Upon receiving the Solicitation Response message, node 3 checks if there are unknown nodes in the FCS message. If so, it registers those nodes into its member list. Then, node 3 checks whether node 1’s FCS message includes its CR message or not. Since node 1’s FCS message does not include its CR message, it is definite proof of node 1’s deviation from the protocol. So, node 3 reports node 1 as an attacker using a two-hop broadcast message as shown in Figure 7(a). The Attacker Report includes node 3’s CR message which is signed by node 28’s private key and node 28’s certificate. Receivers 7, 22, and 28 verify the signature. If the verification succeeds, they remove node 1 from the member list and the neighbor list. This is because node 1 is a CS node, and it is connected to all nodes. That is, it is most responsible for the nonreception of 3’s CR message at nodes 7 and 22. Nodes 7 and 22 register node 3 into their member list because they find a new normal node whose normalcy is guaranteed by node 28.
Now, all processes for cluster formation are completed. We have a clustered network such as Figure 7(b) after the completion of the protocol.
5.1. Security Analysis
Our scheme prevents external attackers from joining the cluster formation process by using message authentication. For such a reason, we focus on the insider attacks, which are launched by compromised nodes. If compromised nodes transmit the same false message or avoid transmission to all members, they cannot create any inconsistency in the cluster membership. Therefore, any inconsistency in cluster membership can only result from transmitting different messages to different members or from avoiding the transmission by compromised nodes. In Section 5.1.1, we prove that compromised nodes are identified if they transmit inconsistent messages. In Section 5.1.2, we prove that our scheme preserves the agreement in cluster membership against the misbehavior of compromised nodes.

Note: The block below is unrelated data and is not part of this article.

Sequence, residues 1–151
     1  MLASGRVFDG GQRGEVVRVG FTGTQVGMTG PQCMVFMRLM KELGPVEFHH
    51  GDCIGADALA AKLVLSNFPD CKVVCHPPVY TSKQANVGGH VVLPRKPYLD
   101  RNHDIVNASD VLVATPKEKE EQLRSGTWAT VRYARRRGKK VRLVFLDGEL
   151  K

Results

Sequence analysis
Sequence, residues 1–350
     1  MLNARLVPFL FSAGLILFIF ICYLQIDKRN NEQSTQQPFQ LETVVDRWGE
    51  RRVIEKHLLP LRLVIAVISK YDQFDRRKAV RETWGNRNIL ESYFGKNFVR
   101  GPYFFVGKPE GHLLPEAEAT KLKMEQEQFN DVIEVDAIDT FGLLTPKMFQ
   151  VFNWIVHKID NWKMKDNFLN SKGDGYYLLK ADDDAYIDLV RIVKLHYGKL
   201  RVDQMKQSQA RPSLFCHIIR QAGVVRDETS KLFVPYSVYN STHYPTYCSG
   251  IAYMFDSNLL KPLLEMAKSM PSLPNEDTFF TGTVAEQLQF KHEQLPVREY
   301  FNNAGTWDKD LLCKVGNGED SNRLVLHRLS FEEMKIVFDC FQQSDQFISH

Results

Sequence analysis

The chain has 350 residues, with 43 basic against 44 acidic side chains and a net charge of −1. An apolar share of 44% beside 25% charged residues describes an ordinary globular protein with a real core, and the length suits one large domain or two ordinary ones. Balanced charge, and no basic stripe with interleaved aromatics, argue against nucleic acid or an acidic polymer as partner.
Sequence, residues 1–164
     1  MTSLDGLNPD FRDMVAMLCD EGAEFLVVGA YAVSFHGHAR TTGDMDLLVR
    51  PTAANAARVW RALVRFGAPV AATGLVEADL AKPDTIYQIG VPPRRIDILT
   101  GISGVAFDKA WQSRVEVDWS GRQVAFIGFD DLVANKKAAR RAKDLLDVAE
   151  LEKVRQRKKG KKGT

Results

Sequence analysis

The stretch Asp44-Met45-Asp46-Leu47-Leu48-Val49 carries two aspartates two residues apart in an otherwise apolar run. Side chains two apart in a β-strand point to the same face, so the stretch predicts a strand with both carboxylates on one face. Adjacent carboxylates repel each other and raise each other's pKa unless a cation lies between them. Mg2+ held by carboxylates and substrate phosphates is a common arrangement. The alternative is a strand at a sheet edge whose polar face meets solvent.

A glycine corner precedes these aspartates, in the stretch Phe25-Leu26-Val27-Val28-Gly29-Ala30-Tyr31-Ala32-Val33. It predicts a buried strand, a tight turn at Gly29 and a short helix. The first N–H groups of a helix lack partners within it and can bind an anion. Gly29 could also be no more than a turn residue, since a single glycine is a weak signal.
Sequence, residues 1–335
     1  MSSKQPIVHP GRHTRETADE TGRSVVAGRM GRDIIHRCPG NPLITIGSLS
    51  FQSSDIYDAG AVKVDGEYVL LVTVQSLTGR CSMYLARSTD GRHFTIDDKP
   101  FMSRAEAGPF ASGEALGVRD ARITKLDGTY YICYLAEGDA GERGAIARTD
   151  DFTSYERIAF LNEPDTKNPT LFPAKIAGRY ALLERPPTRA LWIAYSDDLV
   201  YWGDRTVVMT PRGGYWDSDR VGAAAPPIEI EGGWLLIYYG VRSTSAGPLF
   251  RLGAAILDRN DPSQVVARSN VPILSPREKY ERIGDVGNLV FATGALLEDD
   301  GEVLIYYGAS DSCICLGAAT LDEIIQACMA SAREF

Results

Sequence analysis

5.1.1. Identification of Compromised Nodes
First, we explain notations employed in the following. Suppose that nodes , , and are normal members in a cluster and node is the CS node in the cluster. We denote node ’s view on cluster membership as in the following. We introduce Lemma 1 and employ it to prove Theorem 2.
Lemma 1. For two normal members and , if , then we should have .
Proof. We prove it by contradiction. First, we suppose . If the supposition is true, we should have in the first step of our scheme. If in the first step of our scheme, we also have . Therefore, it contradicts the condition .
Theorem 2. If any inconsistency in cluster membership is caused by compromised nodes which transmit inconsistent messages to members, our scheme can identify the compromised nodes.
Proof. As shown in Lemma 1, if , then we have . Therefore, if we identify any inconsistency in cluster membership, it has been definitely caused by the CS node which is connected to all members , , and . When the node identifies inconsistency in cluster membership, the node transmits a Solicitation message and node responds to the Solicitation message. Using the Solicitation Response message, we come to know that the CS node transmits inconsistent messages to members.
5.1.2. Preservation of Cluster Membership Agreement